July 2017 Update: While written for FrameMaker 12, this workflow is still valid.
Click here to get access to a set of 25 Technical Communication Suite integration videos I created for Adobe.
Yep, you heard it right! Start the clock right now, and in 5 minutes you could have a richer, more engaging tech doc than you have right now. Read through these instructions to learn how you can place video, interactive simulations, and working 3D images into your docs, and output them to electronic formats that will engage your end users.
Download the media to your machine
So you don’t have any rich media (video, SWF, U3d) laying around right now? No problem, here are a few sample files for you to use.
- U3D placement into FrameMaker.
- KR5 U3D robotic arm for placement into FrameMaker.
Download U3D ZIP file Image courtesy of 3Dvia, with Creative Commons license
- KR5 U3D robotic arm (shown at right) for print and initial display in PDF.
**Right-click to save image to disk**
- SWF Walkthrough of Robotic Arm placement in FrameMaker.
Download Placing rich media in FrameMaker 12.swf
Place rich media into a FrameMaker document in less than 5 minutes
Fortunately, placing graphics into a FrameMaker document is the same for nearly all graphics formats (there are extra options for placing CPTX, PSD, and AI files).
- Open a FrameMaker document.
- Place your cursor at the end of the paragraph preceding, or on its own line if you prefer
- Select File > Import > File, and find your graphics file (in this case, a rich media format like MP4, U3D, or SWF).
- Set the size of the imported file. While you can resize your media file after import, it’s often easier to get the overall size closer to final size at this point.
Once placed in the document, you can assign a poster, or special graphic, to the rich media to give it a more appealing appearance in print or before accessing the media in the PDF or other format.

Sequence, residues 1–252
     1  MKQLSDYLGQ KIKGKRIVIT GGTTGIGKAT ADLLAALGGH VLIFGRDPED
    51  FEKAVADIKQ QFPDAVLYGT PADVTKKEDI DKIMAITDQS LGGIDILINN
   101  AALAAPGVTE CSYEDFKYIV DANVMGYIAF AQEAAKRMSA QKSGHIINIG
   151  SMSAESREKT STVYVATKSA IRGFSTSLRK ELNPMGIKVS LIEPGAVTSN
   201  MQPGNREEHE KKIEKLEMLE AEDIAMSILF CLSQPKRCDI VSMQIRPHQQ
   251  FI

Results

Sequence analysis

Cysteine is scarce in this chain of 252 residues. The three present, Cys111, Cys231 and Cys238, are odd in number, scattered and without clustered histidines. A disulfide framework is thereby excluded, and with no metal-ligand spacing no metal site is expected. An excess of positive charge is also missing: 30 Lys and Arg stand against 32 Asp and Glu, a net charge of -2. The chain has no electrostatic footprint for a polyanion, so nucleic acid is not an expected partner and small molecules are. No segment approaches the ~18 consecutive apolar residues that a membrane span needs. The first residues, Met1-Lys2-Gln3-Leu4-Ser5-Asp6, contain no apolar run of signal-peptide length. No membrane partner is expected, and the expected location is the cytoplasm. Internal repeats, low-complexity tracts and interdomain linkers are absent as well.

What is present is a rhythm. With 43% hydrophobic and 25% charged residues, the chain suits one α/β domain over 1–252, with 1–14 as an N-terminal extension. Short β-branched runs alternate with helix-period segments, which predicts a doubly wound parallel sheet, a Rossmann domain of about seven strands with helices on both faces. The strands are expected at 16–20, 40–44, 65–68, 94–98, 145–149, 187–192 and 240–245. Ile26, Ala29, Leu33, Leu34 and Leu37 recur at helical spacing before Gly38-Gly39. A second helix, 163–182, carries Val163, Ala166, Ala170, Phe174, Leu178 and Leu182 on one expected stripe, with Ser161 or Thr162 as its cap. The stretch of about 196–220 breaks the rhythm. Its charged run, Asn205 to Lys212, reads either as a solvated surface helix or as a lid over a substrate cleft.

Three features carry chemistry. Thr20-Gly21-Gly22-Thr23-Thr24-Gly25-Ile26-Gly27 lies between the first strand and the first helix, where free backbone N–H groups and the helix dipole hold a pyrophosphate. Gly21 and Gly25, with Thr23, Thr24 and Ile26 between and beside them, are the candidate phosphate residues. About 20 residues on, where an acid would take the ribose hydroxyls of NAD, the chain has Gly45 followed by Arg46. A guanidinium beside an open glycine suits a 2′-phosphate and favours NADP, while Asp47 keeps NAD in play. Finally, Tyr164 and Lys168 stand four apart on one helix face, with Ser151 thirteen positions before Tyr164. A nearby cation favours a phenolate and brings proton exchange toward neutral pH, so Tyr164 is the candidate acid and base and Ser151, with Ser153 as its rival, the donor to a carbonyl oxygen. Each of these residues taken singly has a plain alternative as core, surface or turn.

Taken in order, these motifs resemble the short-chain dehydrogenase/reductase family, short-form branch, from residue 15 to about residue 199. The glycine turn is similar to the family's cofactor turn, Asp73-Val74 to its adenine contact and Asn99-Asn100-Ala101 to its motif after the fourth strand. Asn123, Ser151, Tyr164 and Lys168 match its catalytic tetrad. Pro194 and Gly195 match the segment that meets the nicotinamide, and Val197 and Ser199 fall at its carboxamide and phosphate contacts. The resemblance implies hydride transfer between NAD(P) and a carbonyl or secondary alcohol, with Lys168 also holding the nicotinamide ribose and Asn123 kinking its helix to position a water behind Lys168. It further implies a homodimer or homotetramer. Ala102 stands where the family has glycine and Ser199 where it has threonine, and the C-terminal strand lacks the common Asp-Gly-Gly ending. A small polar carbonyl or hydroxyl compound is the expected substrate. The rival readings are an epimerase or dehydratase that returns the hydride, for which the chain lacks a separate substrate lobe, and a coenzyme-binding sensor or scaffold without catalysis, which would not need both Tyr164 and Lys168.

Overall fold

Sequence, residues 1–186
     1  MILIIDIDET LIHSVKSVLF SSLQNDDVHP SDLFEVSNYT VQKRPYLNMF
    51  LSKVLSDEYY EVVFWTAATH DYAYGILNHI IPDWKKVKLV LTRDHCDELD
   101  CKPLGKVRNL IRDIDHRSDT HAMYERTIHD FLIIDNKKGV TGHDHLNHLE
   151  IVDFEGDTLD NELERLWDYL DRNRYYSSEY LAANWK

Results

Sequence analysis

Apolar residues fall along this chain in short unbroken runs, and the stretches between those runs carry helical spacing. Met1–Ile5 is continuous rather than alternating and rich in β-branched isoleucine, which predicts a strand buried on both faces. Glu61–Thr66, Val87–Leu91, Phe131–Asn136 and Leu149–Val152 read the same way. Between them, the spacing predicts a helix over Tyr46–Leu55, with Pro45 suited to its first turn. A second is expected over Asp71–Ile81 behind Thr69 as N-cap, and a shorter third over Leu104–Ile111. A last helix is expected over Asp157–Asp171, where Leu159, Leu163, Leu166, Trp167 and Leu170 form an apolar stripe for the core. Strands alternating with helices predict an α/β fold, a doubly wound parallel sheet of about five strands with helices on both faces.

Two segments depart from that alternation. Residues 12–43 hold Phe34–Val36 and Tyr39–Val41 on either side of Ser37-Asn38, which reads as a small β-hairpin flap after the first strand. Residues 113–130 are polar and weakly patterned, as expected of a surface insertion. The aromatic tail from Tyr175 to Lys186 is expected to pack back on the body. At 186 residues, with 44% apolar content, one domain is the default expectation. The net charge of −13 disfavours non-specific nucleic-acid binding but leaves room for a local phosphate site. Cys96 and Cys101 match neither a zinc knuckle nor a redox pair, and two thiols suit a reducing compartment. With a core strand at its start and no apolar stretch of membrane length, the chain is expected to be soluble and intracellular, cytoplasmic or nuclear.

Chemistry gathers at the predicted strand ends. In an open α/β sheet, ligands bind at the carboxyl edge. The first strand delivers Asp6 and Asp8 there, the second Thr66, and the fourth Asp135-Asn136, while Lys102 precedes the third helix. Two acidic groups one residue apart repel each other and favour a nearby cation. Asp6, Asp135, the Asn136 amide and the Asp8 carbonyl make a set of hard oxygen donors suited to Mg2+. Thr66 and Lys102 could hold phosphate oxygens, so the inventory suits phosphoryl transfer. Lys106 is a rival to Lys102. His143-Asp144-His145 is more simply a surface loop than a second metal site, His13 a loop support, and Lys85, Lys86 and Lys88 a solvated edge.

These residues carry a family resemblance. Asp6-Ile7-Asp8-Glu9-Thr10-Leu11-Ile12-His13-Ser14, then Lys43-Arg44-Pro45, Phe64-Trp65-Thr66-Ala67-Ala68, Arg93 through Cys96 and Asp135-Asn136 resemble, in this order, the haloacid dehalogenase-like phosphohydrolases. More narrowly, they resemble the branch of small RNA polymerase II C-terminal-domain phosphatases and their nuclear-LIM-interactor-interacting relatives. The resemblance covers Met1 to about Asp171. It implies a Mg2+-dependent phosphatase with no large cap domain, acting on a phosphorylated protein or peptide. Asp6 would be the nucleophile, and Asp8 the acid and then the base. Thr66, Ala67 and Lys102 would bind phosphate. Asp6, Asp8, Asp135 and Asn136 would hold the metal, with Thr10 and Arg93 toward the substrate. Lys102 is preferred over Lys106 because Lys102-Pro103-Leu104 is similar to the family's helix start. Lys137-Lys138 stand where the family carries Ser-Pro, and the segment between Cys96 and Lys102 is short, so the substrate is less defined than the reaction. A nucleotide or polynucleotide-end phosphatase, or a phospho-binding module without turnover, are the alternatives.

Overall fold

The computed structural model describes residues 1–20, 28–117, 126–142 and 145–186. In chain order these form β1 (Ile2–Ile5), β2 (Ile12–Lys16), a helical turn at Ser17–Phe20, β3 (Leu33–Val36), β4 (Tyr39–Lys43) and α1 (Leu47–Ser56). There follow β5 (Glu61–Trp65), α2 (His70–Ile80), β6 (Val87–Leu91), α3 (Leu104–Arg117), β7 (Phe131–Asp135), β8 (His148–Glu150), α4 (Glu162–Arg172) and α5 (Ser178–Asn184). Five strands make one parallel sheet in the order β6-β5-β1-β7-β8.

- Right-click on the placed image and select Set poster
- Locate the PNG or other web graphic you’d like to represent the initial display of the media file. Depending on intent, you may or may not want to include a Play button or symbol in the image.
Output the FrameMaker file to PDF
FrameMaker has built-in support for PDF output. To create PDF with rich media, do the following:
- Ensure your File > Print Setup is set to Adobe PDF. The free SetPrint utility at sundorne.com is an excellent way to ensure that Adobe PDF is always your FrameMaker default printer.
- Select File > Save as PDF.
- Select appropriate PDF options for your audience, and save the PDF to your disk.
Stop your 5 minute timer! When you open up the PDF file, you’ll find that the images are clickable, and interactive.
Working with older versions of FrameMaker
These instructions are written specifically for the TCS5 version of FrameMaker, but should generally work with slight modifications all the way back through FrameMaker 8.
However, the older versions of FrameMaker will not support more recent formats, and may not give as many options for dressing up the placed media.
About the author
Matt Sullivan is the founder of Tech Comm Tools, and is an Adobe Certified Instructor for each of the applications in the Adobe Technical Communication Suite. He teaches live online and in-person Adobe software classes for many different groups.
Contact him at www.mattrsullivan.com for more information.
To view any of the free recordings of his Adobe-sponsored webinars see http://www.adobe.com/cfusion/event/index.cfm?event=list&type=ondemand_seminar and search (Command/Control+F) for Matt Sullivan.
To view recent samples of his Captivate work for Adobe product releases, see
Subscribe to the newsletter and get access to my free weekly community office hours, as well as my latest content (and some of my all-time favorites) by email.